Rare Illnesses, Diagnosed By The Crowd

CrowdMed, launched Tuesday, is one of several Web-based platforms that anyone can use to help diagnose mystery conditions.

What's the Latest Development?

On Tuesday, attendees at the TEDMed conference in Washington saw the launch of CrowdMed, a Web-based platform that, as its name implies, enlists the help of the public to solve difficult medical cases. It works by giving participants points that they can use to bet on one of a list of possible diagnoses. "This creates a prediction market, with diagnoses falling and rising in value based on their popularity...Algorithms then calculate the probability that each diagnosis will be correct." Eventually, the platform reveals the top three diagnoses, which the patient can then discuss with his or her doctor. Those who bet on the correct diagnosis receive more points to use with other cases.

What's the Big Idea?

CrowdMed is one of several platforms designed to help people who contract any of 7,000 or so "rare diseases" as commonly defined by American and European health agencies. Another new one, FindZebra, is a search engine that provides access to rare disease databases. Co-developer Radu Dragusin says that these platforms help bridge a gap between patients and clinicians: "[D]octors can't learn about all of these thousands of diseases with very low prevalence...It's very important to give [them] an aid."

pjhpix / Shutterstock.com

Read it at NewScientist

​There are two kinds of failure – but only one is honorable

Malcolm Gladwell teaches "Get over yourself and get to work" for Big Think Edge.

Big Think Edge
  • Learn to recognize failure and know the big difference between panicking and choking.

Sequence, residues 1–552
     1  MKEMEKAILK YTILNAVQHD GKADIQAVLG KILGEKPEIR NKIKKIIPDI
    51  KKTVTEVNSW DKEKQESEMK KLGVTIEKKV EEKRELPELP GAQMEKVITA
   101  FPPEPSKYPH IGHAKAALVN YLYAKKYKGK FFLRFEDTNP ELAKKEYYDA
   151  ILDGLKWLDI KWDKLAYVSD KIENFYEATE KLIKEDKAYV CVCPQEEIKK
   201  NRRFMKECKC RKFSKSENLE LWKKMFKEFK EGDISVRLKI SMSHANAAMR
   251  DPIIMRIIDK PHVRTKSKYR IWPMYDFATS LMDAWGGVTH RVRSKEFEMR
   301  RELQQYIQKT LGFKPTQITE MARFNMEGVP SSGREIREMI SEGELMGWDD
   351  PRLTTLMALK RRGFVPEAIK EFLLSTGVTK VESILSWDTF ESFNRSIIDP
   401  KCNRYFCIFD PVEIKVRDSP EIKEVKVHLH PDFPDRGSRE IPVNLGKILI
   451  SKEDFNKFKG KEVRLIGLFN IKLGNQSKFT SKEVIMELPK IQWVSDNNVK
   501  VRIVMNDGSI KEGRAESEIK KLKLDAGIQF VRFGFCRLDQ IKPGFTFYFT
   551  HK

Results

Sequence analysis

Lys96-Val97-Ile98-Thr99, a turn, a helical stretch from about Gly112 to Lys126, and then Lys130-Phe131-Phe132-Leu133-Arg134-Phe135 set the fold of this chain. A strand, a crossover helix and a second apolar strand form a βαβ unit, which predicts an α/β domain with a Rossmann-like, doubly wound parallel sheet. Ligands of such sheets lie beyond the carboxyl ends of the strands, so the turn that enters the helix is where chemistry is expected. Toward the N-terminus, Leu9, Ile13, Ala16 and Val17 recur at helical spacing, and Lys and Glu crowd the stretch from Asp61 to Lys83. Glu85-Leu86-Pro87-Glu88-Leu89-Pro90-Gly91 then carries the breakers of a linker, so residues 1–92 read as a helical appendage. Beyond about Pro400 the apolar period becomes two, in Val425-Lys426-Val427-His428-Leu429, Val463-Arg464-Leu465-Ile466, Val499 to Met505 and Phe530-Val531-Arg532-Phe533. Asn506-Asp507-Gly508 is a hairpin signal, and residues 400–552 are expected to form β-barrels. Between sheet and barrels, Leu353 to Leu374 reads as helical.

• At Big Think Edge, Malcolm Gladwell teaches how to check your inner critic and get clear on what failure is.
  • Subscribe to Big Think Edge before we launch on March 30 to get 20% off monthly and annual memberships.
Keep reading Show less

What is the Japanese blood type theory of personality?

In some Asian countries, what's in your blood determines who you are.

Chung Sung-Jun/Getty Images
Mind & Brain
  • In Japan and South Korea, there is a common belief that blood types determine character much in the same way Western countries believe in the zodiac.
  • While there's little scientific evidence to back up the claim, the blood type theory of personality remains wildly popular.
  • However, how this theory came to be has its roots in a dark history.
Keep reading Show less

This is the best (and simplest) world map of religions

Both panoramic and detailed, this infographic manages to show both the size and distribution of world religions.

(c) CLO / Carrie Osgood
Strange Maps
  • At a glance, this map shows both the size and distribution of world religions.
  • See how religions mix at both national and regional level.
  • There's one country in the Americas without a Christian majority – which?
Keep reading Show less

Is this why time speeds up as we age?

We take fewer mental pictures per second.

Photo by Djim Loic on Unsplash
Mind & Brain
  • Recent memories run in our brains like sped-up old movies.
  • In childhood, we capture images in our memory much more quickly.
  • The complexities of grownup neural pathways are no match for the direct routes of young brains.
Keep reading Show less